Table 4.1. Questions To Be Answered In Translational Studies
Table 5.1. Selected Major Types of Biomarkers
Table 5.2. Ongoing Projects and Project Concepts in Development at the Biomarkers Consortium
Figure 2.1. The Canonical Wnt Pathway
Question 1: Please classify your organization.
Question 2: What aspect(s) of the drug development process do you work in?
Question 3: What class(es) of drugs do you work on?
Question 4: Do you see Phase II attrition as a major issue in your company?
Question 5: What do you see as the major reasons for low productivity and high cost of drug development?
Question 6: Has your company adopted a program of translational medicine aimed at improving the efficiency and effectiveness of early drug development?
Question 7: If you have adopted a translational medicine program, has it been helping you to accelerate movement of promising drug candidates into mid-stage clinical trials and to weed out unpromising candidates?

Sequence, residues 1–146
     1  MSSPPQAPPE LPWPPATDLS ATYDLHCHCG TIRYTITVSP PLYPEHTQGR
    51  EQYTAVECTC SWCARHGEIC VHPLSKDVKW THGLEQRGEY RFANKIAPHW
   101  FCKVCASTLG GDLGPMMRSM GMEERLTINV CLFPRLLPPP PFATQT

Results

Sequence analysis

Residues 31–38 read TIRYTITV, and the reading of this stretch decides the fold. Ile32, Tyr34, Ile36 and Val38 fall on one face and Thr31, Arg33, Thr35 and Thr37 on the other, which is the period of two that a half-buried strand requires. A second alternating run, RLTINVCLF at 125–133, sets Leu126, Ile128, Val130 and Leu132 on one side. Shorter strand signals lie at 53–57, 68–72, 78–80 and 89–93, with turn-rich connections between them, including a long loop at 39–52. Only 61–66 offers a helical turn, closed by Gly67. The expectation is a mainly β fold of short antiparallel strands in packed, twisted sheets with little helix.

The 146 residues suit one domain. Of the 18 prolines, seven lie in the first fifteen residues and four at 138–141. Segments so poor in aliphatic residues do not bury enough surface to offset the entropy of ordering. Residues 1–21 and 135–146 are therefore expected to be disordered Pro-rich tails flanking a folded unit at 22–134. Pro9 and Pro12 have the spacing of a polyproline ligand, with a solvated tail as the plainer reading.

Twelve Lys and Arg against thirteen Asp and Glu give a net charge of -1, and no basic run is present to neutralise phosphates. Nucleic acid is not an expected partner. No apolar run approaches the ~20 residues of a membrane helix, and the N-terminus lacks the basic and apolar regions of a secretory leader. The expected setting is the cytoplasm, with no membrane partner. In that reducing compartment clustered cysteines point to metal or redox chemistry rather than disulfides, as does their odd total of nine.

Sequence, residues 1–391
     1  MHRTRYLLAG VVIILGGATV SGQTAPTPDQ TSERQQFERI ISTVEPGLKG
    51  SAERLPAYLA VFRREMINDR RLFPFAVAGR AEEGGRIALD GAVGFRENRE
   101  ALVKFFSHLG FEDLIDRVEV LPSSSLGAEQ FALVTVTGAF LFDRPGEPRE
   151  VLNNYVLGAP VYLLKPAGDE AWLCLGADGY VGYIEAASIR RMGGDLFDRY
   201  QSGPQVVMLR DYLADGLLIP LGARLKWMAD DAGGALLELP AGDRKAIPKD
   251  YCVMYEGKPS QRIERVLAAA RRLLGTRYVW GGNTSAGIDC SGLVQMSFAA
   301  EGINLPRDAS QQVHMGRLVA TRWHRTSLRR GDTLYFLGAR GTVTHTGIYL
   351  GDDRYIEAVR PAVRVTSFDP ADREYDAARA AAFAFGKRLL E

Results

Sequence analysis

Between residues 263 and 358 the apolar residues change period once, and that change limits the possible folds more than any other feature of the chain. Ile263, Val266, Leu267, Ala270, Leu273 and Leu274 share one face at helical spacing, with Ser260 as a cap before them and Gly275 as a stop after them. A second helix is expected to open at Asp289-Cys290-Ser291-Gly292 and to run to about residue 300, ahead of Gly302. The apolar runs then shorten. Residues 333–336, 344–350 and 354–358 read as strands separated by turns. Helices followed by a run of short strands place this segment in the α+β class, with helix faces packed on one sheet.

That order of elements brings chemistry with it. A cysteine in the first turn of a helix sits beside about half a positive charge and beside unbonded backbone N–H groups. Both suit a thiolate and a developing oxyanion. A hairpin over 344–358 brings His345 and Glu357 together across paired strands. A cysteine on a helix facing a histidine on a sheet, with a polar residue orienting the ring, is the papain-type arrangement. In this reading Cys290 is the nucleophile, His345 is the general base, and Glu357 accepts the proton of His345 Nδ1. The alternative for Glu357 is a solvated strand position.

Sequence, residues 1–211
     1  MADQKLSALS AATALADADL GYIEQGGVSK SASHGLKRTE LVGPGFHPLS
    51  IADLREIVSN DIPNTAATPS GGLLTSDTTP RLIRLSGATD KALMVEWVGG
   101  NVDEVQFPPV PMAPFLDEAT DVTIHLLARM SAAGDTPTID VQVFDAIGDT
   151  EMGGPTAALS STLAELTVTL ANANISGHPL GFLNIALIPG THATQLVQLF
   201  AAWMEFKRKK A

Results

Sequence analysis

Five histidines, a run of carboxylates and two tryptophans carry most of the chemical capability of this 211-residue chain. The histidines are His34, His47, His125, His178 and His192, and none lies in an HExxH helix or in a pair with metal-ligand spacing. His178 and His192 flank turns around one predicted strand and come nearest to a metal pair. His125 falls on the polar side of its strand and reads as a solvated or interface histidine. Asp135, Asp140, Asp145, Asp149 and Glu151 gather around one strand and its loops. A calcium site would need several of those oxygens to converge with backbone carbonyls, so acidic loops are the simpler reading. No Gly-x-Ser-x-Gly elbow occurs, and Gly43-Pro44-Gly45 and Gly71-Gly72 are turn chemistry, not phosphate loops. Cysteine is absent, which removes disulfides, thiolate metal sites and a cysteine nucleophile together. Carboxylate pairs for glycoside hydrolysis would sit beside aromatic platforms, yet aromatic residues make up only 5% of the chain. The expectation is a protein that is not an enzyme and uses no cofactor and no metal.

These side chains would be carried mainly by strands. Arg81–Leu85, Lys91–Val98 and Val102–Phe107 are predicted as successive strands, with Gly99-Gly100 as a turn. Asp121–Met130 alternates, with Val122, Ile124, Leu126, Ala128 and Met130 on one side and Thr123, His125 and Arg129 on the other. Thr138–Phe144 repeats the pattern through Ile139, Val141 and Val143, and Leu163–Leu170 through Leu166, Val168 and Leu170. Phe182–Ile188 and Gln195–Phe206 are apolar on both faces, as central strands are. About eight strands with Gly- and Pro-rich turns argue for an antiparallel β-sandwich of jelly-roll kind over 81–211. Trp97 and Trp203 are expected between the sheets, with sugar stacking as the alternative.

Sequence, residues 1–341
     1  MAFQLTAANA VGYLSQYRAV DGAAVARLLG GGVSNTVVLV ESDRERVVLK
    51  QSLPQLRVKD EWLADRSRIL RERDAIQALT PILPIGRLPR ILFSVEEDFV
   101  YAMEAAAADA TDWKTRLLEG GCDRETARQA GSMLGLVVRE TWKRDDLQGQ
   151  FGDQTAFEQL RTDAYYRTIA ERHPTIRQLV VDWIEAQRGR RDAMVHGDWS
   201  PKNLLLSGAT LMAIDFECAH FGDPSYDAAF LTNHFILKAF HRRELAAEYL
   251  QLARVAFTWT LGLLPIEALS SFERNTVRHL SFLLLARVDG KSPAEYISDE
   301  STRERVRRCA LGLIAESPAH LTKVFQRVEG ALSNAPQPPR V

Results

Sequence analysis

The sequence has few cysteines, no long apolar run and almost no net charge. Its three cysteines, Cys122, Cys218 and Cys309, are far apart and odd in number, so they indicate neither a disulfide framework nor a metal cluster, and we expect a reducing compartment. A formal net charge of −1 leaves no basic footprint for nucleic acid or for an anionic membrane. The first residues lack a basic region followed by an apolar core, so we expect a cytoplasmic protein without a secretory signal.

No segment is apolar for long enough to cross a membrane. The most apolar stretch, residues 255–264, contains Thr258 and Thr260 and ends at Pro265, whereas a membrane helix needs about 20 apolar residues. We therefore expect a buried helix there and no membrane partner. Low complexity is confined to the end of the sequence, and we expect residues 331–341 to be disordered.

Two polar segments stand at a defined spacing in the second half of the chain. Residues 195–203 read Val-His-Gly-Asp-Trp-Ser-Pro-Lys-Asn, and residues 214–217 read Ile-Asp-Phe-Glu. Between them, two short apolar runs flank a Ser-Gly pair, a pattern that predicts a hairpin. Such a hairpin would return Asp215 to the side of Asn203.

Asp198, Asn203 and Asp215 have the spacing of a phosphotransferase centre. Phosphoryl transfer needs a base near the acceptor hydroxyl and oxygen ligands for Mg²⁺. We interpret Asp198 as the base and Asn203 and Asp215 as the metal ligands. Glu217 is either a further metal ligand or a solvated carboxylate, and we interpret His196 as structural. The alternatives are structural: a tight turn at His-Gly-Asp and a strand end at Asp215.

Question 8: Does your company conduct the following types of clinical trials?
Question 9: If you conduct any of the types of clinical trials listed in question 8, which do you find useful in accelerating your development process?
Question 10: Does your company outsource your early-stage clinical trials to CROs that specialize in that stage of development?
Question 11: Do you find the FDA helpful in assisting you in designing and implementing your early-stage development programs?
Question 12: Do you work with academic laboratories in improving aspects of your translational medicine programs (e.g., biomarkers, improved animal models)?
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Reportlinker Adds Approaches to Reducing Phase II Attrition
More market research reports here!
-- Leading-edge strategies being pursued to improve success rates of therapeutic candidates in clinical development -- The use of translational medicine studies and early clinical trial protocols designed to reduce Phase II attrition -- Survey results and expert interviews on efforts to improve R&D efficiency.